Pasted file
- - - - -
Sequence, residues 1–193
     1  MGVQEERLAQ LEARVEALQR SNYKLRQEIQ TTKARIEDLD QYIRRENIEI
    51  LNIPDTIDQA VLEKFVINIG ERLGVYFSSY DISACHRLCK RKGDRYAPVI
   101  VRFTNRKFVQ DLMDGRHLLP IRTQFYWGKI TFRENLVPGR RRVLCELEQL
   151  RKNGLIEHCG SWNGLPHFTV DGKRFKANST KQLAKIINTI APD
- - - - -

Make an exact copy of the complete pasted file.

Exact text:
Sequence, residues 1–193
     1  MGVQEERLAQ LEARVEALQR SNYKLRQEIQ TTKARIEDLD QYIRRENIEI
    51  LNIPDTIDQA VLEKFVINIG ERLGVYFSSY DISACHRLCK RKGDRYAPVI
   101  VRFTNRKFVQ DLMDGRHLLP IRTQFYWGKI TFRENLVPGR RRVLCELEQL
   151  RKNGLIEHCG SWNGLPHFTV DGKRFKANST KQLAKIINTI APD